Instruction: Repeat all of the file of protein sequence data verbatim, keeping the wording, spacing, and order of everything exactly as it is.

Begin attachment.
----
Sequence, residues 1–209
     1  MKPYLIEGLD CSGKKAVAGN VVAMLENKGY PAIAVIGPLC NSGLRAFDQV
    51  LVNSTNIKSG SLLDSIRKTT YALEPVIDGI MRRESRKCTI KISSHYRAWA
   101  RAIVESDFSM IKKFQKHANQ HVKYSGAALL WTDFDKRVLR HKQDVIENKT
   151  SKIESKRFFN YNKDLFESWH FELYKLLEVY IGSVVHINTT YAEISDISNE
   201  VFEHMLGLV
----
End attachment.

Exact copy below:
Sequence, residues 1–209
     1  MKPYLIEGLD CSGKKAVAGN VVAMLENKGY PAIAVIGPLC NSGLRAFDQV
    51  LVNSTNIKSG SLLDSIRKTT YALEPVIDGI MRRESRKCTI KISSHYRAWA
   101  RAIVESDFSM IKKFQKHANQ HVKYSGAALL WTDFDKRVLR HKQDVIENKT
   151  SKIESKRFFN YNKDLFESWH FELYKLLEVY IGSVVHINTT YAEISDISNE
   201  VFEHMLGLV